We’re at something of a turning point in the west. The old mainline denominations are failing. In one sense we all ought to say “good riddance” as nearly all of them have long since become apostate. In another sense, however, their loss is still devastating. These institutions are the oldest Protestant institutions in North America and they are collapsing before our eyes. Rome appears headed a similar route for the most part, although I expect there will be a few regions that remain more orthodox, thanks largely to the influence of orthodox bishops. (This isn’t intended as a slur against Rome; rather it’s simply an assessment of the fact that Francis appears to be pushing the church in a more episcopalian direction not only theologically, but in terms of its polity.)

What we are left with is evangelicalism—and evangelicalism is comprised chiefly of relatively new institutions that do not know their tradition’s history, do not have discernible mechanisms for learning their history, and do not have solid answers for questions of ordinary parish ministry, church life, and church governance. If the American church has a future, it will be because God is faithful to us and aids us in finding solid answers to the vexing problems of church life and governance.

Therefore, taking the time to think about these questions and to address them faithfully is important. So yes, we’re running a 9000 word book review. But we’re doing it because, first, we need to faithfully depict Leeman’s actual argument and, second, we need to interact with it critically. Whatever one might think of Leeman’s book, one must recognize the value of Leeman’s contribution to the evangelical conversation about the church. His book will, I hope, encourage many more  people to reflect on these questions carefully and deeply. I also hope that this review by Joe will help further that work. (NOTE: If it would be helpful to you, I will be uploading a PDF of the review that will be available when we publish the full review on Wednesday. So if you would rather read a print out than read 9,000 words on a backlit screen, we’ll have that for you on Wednesday.) On that note, I’ll pass it on to Joe.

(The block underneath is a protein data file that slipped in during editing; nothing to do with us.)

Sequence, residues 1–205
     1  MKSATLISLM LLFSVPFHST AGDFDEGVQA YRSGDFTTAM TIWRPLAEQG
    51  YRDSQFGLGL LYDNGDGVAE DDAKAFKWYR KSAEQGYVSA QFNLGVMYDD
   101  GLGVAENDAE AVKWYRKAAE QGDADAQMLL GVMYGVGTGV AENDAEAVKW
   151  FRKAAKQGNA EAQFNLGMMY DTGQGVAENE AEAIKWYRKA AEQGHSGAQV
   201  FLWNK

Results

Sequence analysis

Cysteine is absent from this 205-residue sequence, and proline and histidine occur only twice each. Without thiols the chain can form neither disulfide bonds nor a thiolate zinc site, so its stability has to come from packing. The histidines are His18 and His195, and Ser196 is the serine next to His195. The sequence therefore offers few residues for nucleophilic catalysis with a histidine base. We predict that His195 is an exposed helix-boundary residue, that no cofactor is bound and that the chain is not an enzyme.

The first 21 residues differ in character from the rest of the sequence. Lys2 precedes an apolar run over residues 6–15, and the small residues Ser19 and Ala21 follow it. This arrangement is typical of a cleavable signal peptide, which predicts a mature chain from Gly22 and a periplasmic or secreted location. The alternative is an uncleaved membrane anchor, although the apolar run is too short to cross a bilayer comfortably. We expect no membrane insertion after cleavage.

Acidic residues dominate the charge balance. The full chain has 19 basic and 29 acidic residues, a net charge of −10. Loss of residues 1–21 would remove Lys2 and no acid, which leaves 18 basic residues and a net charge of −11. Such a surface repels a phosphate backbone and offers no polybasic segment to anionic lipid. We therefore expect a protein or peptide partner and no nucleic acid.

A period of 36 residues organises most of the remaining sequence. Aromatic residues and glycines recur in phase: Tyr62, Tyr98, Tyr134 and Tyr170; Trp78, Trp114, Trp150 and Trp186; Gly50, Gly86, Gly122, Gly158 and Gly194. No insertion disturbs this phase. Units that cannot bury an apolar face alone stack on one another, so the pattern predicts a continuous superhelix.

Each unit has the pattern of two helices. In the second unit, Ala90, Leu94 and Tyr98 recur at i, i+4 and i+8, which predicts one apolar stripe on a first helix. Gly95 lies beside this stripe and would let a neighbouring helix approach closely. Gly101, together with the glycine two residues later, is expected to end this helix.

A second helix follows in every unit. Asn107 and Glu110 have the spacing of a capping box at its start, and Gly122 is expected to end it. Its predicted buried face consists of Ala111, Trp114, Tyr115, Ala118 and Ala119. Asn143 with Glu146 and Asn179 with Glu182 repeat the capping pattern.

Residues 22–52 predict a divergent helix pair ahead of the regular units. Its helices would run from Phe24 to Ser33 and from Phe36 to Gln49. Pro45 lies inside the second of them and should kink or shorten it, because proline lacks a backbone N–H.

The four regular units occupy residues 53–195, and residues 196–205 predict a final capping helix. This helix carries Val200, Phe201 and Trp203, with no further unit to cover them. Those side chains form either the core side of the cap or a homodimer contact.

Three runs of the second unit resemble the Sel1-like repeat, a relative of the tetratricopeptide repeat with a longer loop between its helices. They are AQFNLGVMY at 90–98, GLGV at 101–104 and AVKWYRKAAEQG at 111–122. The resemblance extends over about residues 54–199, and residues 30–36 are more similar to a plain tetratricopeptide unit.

Introduction

Daniel Rodgers has called our era an “age of fracture.” This expression captures the identity crises which exist among all institutions seeking to navigate their way through what is often termed “liquid modernity.” The “evangelical” community is no exception to this identity crisis. The diversity of its many self-professed adherents as well as the speed at which independent influences randomly and variously come together (or apart)  leads many to think that orthodox American evangelicalism is fundamentally ungrounded. Continue reading